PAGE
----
Marking your glass is extremely simple- grab a rubber band and place it around your glass. It is of no cost to you! I will use my glass for a week or so before washing it- you can choose how long you go, but since it’s just water, you can reuse it for at least a few days. This is a very simple way to reduce your dishwasher use, saving water, electricity, and time!

By Mia Foster

 As we are constantly inundated with news about imminent climate change, Greenhouse Gas emissions, and waste, it is often easy to feel hopeless in aiding the fight against climate change. While it can feel like we are the victims of the corruption of corporations and government inaction on the climate crisis, we each have the opportunity everyday to reclaim the story and put forward our own efforts towards leading more sustainable lives and lessening our impact on the environment. 

     The purpose of this thread is not to convince you of the reality of climate change. If you do not believe in it, I suggest doing an independent study. Make sure to consume information on the issue from many different sources so you may form your own opinion after getting a comprehensive overview of the science and arguments made by all. Reading the opinions of those you don’t agree with can never harm you! There will be a list of links at the bottom to begin your reading.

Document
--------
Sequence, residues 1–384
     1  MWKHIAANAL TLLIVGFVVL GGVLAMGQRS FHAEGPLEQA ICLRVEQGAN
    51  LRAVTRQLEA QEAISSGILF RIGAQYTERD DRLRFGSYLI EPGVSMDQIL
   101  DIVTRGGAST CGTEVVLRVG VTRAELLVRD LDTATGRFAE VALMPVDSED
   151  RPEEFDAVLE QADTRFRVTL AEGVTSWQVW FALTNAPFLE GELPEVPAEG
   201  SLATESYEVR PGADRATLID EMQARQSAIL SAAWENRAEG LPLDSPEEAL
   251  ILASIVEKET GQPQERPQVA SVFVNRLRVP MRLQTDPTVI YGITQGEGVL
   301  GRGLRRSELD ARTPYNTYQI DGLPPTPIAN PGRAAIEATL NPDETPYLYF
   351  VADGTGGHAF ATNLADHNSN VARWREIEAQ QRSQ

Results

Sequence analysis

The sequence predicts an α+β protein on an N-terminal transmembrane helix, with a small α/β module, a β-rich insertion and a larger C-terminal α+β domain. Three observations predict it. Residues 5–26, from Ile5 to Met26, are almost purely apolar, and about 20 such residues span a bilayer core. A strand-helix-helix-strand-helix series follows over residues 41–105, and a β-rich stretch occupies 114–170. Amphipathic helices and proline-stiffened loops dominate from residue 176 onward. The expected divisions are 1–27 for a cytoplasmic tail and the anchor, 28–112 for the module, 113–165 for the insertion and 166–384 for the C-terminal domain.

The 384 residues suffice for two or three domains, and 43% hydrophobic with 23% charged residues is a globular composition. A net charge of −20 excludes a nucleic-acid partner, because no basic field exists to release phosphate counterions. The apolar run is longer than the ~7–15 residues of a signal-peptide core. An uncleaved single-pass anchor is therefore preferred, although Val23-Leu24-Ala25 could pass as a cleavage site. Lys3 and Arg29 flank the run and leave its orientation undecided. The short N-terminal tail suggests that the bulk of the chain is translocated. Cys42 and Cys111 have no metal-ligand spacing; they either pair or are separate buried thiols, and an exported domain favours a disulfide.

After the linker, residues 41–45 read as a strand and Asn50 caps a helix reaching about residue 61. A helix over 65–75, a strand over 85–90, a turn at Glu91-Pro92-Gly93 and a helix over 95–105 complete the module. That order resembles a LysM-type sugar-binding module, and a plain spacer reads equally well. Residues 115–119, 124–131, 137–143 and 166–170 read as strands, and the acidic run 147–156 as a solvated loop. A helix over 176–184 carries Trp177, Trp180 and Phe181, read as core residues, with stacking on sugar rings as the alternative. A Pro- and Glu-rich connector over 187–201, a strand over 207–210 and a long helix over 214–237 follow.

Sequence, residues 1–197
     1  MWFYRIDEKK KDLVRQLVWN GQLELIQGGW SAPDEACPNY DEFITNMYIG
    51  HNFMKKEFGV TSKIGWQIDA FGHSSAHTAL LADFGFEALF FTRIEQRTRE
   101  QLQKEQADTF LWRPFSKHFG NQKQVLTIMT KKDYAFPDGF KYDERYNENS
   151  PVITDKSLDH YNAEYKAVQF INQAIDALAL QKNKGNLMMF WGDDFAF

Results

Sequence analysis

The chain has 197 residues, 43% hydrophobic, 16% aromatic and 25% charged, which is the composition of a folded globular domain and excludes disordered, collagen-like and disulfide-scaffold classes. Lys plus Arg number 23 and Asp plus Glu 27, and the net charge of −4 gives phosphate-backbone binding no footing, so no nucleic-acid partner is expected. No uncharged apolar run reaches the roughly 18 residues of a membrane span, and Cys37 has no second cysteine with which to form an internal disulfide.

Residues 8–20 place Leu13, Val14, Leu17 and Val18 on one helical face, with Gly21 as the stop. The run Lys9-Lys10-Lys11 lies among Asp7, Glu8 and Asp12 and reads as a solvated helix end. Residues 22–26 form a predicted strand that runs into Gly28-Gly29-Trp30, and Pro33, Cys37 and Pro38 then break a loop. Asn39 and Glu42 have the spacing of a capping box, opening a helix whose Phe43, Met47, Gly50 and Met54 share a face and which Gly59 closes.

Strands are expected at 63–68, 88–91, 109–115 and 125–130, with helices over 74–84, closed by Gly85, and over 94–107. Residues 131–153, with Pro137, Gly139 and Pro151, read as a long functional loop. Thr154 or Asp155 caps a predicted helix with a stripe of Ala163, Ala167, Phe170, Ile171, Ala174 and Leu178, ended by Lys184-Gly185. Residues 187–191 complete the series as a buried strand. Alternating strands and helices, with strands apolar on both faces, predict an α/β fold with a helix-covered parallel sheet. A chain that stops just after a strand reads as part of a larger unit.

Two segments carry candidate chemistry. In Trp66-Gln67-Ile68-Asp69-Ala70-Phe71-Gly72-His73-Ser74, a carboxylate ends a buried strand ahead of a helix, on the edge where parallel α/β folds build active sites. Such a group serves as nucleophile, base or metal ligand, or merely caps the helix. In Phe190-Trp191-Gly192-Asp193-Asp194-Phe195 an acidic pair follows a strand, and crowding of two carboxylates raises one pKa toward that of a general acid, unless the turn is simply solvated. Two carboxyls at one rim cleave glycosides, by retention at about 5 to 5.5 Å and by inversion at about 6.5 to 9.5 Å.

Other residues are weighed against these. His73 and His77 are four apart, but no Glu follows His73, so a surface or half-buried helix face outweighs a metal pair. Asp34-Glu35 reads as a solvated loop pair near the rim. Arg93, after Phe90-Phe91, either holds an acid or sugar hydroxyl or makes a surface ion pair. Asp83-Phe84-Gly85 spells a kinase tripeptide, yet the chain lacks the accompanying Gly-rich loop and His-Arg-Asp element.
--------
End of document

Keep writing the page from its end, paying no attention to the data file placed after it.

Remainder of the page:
Sustainability Saturdays is a weekly publication that will include small tips on how to make your everyday life more sustainable along with the occasional recommendation of books or studies to read. Who knows, I might even do a weekly challenge every once in a while! By making small changes in your lifestyle, your impact on the environment can significantly decrease over time. To chip away at climate change, we must collectively change our way of living; but collectivism must start with the individual. Join me as I learn new ways to make my life more sustainable! 

Climate Change Information Station:

Climate Change: How Do We Know?

The UN on Climate Change

The Intergovernmental Panel on Climate Change

EPA: Climate Action Benefits Report

By the Numbers: How the U.S. Economy Can Benefit from Reducing Greenhouse Gas Emissions

Sustainability Sector Provides 4.5 Million Jobs in US